Originally released under the title Dragonfly, this offbeat story depicts the unexpected circumstance by which romance helps a troubled individual recover from psychological trauma—and though the film obviously means well, major problems with character development undercut the intended impact. Beau Bridges plays Jesse, a tightly wound young man who has spent most of his life in a mental hospital. When the picture begins, he receives permission to exit the facility, though his doctor (James Noble) wonders whether Jesse will be able to handle the harshness of the outside world. Intent on finding the family that abandoned him after a mysterious childhood incident, Jesse treks to his hometown of Danbury, Connecticut, and, eventually, enters a movie theater. The theater’s pretty candy-counter clerk, Chloe (Susan Sarandon), discovers that Jesse has no place to stay, so she invites him home even though he’s clearly unwell.
This single moment virtually undoes the entire movie, because it makes no sense that Chloe would take in a man whom she has already seen manifest symptoms of instability and volatility. Even the tender/tough dynamism of Sarandon’s performance isn’t enough to sell the story’s central contrivance, and producer-director Gilbert Cates—who often thrived telling stories about people with emotional problems—makes several tonal missteps, not least of which is scoring the movie with music so dark that One Summer Love occasionally feels like a horror picture. Unfortunately, Bridges’ performance hurts credibility, too; while he approaches individual scenes with appropriate levels of intensity and/or warmth, he’s unable to overcome the falseness of a character who lashes out in rage whenever it’s narratively convenient for such a thing to happen.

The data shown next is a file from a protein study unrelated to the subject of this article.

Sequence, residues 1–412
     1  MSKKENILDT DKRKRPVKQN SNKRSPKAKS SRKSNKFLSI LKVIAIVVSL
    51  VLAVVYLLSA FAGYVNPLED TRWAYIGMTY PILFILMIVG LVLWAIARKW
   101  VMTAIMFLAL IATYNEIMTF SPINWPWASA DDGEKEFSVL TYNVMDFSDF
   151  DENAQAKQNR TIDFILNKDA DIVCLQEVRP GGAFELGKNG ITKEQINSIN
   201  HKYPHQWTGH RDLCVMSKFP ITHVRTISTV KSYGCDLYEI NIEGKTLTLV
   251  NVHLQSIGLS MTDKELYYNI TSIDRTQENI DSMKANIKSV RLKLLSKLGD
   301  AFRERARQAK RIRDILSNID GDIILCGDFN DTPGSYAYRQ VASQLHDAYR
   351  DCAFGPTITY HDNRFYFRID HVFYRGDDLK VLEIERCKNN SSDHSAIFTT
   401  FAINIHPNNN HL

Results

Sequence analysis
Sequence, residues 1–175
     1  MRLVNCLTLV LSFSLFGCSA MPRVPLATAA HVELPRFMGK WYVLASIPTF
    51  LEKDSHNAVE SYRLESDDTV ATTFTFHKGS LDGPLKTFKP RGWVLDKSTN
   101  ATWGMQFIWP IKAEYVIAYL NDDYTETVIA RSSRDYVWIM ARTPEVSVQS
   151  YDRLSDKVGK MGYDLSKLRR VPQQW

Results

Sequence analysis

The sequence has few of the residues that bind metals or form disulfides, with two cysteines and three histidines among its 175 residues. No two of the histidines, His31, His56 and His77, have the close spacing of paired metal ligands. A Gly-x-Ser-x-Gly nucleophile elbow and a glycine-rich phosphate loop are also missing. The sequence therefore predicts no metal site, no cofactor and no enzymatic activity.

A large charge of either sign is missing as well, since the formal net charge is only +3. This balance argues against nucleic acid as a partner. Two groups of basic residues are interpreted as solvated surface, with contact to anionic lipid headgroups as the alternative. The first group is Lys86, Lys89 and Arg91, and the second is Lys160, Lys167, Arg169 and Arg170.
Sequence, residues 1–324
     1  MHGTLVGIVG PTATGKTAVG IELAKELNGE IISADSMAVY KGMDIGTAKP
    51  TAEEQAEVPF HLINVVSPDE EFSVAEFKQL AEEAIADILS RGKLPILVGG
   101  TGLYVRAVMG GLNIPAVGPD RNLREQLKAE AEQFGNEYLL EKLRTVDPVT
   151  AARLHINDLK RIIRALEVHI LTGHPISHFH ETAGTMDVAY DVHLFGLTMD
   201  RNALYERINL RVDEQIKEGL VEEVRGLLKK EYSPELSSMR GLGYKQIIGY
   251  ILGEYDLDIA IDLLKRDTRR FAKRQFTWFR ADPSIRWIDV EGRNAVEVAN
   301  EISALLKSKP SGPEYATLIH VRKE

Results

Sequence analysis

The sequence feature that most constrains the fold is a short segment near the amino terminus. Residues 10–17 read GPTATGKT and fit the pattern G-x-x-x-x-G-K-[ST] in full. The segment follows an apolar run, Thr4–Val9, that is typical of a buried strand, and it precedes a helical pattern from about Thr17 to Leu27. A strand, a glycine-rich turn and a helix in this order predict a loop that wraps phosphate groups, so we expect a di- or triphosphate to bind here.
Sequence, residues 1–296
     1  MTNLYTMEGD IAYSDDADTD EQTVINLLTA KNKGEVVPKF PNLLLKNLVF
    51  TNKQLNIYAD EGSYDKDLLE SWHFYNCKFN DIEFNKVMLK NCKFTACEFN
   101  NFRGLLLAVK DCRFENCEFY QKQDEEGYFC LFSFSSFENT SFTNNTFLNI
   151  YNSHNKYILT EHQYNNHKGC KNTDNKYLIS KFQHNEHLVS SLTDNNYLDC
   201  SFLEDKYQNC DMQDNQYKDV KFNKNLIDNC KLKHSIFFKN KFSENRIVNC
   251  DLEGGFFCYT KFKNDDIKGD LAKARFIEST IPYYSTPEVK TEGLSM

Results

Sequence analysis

The weakest section of the picture, however, involves Jesse seeking lodging with a hotel owner (Ann Wedgeworth) who all but rapes the younger man. If One Summer Love was, in part, meant to be a coming-of-age story, then a physical encounter between Chloe and Jesse would have added more soul to the film. Yet the picture recovers, somewhat, once Jesse finally tracks down family members, even though the movie’s final scene is a puzzler. One Summer Love isn’t a satisfying movie, by any stretch, but it is worth watching largely for Sarandon’s performance and for the gauzy atmospherics Cates uses to evoke the sleepy rhythms of small-town life. If logic is one of your cinematic priorities, though, take a pass on this one. (Available as part of the MGM Limited Collection on Amazon.com)
One Summer Love: FUNKY